Finally, the 6,000-sf Grand Hall flanks the eastern edge and offers a visual connection with the Arts District. The dividable, multipurpose space is tucked behind the guitar pick wall. Ventilated wood slats atop acoustic paneling clad the interior, and the space showcases large glass walls, which seem to extend the interior toward the bird’s tail courtyard beyond. 

Two additional spaces make up the lower northeastern corner of the complex, supplementing the performance areas: the bistro restaurant, Rave On, and the 22,000-sf pre-professional school and offices of Ballet Lubbock. These spaces communicate through well-placed windows across a xeriscape of native cacti, grasses, and yucca. The two-story ballet area has a separate, private entrance, and offers a large rehearsal room, numerous offices, smaller practice spaces, a physical therapy room, and a digital interface for parents to watch their children practice. The space is designed for future expansion, though it currently almost triples the footprint of this treasured institution’s previous home.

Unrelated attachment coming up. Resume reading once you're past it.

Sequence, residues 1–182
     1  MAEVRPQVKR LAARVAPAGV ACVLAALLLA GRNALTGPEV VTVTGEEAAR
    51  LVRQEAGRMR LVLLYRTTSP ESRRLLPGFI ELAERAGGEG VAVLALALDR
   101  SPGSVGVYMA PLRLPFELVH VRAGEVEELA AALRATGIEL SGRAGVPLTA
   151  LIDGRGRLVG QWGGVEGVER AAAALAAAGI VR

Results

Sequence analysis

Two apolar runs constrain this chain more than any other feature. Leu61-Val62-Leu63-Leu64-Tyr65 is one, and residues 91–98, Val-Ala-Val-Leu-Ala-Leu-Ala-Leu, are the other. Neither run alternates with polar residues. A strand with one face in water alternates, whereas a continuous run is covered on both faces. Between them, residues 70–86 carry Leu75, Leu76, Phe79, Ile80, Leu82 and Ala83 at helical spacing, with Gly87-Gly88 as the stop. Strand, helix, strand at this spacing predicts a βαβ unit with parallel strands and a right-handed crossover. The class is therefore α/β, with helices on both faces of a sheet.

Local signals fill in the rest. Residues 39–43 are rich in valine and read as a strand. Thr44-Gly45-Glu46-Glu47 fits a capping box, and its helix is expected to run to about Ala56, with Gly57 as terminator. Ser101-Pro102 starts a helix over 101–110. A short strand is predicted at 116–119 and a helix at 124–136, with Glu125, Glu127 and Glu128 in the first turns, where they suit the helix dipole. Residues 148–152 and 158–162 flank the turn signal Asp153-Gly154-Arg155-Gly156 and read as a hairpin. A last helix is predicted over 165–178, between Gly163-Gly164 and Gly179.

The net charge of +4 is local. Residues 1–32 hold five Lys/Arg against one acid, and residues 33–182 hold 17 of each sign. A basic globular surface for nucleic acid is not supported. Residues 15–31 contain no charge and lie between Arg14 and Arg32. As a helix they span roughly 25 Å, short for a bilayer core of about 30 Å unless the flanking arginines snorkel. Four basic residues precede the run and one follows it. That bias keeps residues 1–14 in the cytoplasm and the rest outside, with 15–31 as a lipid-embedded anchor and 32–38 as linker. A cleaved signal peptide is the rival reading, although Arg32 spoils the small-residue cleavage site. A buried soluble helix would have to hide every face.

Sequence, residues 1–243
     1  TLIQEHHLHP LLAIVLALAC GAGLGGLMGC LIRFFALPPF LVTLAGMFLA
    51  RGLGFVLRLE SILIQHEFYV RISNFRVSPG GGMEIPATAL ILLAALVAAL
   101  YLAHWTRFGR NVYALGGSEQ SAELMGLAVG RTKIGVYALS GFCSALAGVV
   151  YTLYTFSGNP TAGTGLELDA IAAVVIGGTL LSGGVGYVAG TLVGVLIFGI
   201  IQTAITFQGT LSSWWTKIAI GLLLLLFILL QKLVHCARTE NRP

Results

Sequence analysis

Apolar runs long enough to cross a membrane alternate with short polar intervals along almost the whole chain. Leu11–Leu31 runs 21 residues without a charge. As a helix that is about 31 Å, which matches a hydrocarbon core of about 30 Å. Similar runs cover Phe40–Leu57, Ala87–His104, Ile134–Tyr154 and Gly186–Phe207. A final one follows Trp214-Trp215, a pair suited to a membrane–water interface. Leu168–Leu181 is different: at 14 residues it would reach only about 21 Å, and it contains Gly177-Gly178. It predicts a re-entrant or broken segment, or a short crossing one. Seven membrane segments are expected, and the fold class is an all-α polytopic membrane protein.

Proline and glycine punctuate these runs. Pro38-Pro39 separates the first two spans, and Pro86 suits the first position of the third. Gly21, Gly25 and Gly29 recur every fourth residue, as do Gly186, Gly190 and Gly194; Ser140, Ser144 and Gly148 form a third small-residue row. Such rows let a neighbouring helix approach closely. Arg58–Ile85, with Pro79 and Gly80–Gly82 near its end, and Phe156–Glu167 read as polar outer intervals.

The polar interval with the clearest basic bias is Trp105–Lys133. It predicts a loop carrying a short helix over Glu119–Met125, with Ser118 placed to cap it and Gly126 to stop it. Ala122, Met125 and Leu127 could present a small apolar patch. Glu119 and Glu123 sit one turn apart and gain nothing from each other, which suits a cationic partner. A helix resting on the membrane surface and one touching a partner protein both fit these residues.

With each space having its own back-of-house areas — loading docks, dressing rooms, and entries — the Hall could feasibly support three simultaneous events, in addition to Rave On and Ballet Lubbock, without interruption. This flexibility demonstrates the architectural team’s ability to tackle such complexities with dexterity and care. One such choreographic detail is a hidden, 20-ft-tall partition grille that slides out to separate the educational spaces from the larger theater space and restaurant, preventing alcohol sales to the underaged. This door is gracefully concealed within a Venetian plaster pocket and aligns with the vertical glass mullions of the southern entry when deployed. Another detail is the use of simple clerestory ribbons within the dressing areas. These admit soft northern light and a slice of sky into the dressing areas while gracefully blocking out the freeway just beyond view.